1. Revalidation and renewal under Section 80G

Only around 67,000 3 non-profit organizations are approved under section 80G. The government has always encouraged the wealthy to donate to social causes, and this is also recognized in the National Voluntary Policy as approved by the Government of India. This is an important pillar of Indian philanthropy. The Government has already tightened rules for individual donations by restricting cash donations to Rs. 2000/-.

I understand that the Government would like to ensure that only genuine donations are provided tax benefits. There would be only a few organizations that may be resorting to malpractice in donations. Budget estimates show that annual loss of revenue on account of 80G deductions is Rs 2,516 4 crores. Even assuming that 20% of this leakage is due to fake donation receipts, the cost of the exchequer would be around Rs 500 crores. This would be much less than the administrative cost of revalidation and periodic renewal of 80G. In any case, there is every likelihood that the fake charities will again enter the fold and continue bleeding the exchequer.

My Proposal: It is proposed, that the Income Tax authorities thoroughly examine the genuineness of charitable organizations at the time of assessment. This would be the most effective and efficient way. In any case, the Government has already brought the proposal of matching donations between donor &donee. This would further put curb on any incorrect section 80G claims by individuals.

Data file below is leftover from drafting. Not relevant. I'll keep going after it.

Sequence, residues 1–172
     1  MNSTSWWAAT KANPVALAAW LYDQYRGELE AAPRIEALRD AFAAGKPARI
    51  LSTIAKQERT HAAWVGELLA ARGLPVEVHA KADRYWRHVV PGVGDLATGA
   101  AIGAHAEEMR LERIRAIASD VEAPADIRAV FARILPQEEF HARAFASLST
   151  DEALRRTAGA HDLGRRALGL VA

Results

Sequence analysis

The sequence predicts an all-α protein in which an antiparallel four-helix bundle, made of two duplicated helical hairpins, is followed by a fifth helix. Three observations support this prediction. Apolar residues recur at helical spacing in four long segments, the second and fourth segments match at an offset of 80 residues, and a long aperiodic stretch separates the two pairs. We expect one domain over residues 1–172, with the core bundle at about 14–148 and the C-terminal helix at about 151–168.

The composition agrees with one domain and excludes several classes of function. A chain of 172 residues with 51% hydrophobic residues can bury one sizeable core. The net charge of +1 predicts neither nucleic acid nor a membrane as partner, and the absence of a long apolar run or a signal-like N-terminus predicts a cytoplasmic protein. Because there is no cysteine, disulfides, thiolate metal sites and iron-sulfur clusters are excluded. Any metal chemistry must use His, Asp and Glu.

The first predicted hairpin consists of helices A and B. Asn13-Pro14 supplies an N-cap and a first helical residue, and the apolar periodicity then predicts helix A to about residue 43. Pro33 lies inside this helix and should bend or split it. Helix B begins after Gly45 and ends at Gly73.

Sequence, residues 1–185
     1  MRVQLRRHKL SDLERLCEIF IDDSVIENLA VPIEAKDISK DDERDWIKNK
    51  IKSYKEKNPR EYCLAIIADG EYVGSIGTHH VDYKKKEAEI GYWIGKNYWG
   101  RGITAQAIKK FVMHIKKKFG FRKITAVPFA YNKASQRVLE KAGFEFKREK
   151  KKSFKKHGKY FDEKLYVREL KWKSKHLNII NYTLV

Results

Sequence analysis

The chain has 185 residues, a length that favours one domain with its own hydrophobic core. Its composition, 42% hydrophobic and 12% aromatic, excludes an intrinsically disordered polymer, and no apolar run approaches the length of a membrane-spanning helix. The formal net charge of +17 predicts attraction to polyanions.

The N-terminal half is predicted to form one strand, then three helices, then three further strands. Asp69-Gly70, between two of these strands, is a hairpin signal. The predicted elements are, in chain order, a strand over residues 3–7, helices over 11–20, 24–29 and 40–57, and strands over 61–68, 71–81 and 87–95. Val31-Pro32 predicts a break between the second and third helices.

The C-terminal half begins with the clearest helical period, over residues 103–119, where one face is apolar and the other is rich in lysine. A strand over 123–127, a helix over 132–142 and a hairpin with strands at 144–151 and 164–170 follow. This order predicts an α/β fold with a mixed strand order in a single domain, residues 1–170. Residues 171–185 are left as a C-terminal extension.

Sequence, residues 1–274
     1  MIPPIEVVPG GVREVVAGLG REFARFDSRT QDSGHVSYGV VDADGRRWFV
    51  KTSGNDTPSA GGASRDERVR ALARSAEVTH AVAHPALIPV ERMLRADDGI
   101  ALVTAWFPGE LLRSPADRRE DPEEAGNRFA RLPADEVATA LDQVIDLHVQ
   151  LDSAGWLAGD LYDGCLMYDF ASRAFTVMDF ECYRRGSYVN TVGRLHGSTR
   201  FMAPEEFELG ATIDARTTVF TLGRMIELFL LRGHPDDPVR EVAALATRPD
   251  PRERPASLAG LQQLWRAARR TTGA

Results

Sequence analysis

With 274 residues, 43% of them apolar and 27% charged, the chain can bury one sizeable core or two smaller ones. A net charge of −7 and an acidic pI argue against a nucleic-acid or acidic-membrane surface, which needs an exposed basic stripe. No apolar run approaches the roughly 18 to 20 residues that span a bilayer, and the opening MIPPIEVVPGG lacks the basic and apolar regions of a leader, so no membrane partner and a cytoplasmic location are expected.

Therefore, it is submitted that this provision will not yield any benefits and will merely increase paperwork both for the Tax Department and the organizations. Our plea is that the proposal should, therefore, be withdrawn.

  1. Donor’s PAN for 80G Deduction

There is also a proposal requiring charities to submit annual returns giving details of each donor, including PAN of each donor. The Department will match the deductions claimed by donors against this return. If the donations do not, the donor will be denied a deduction.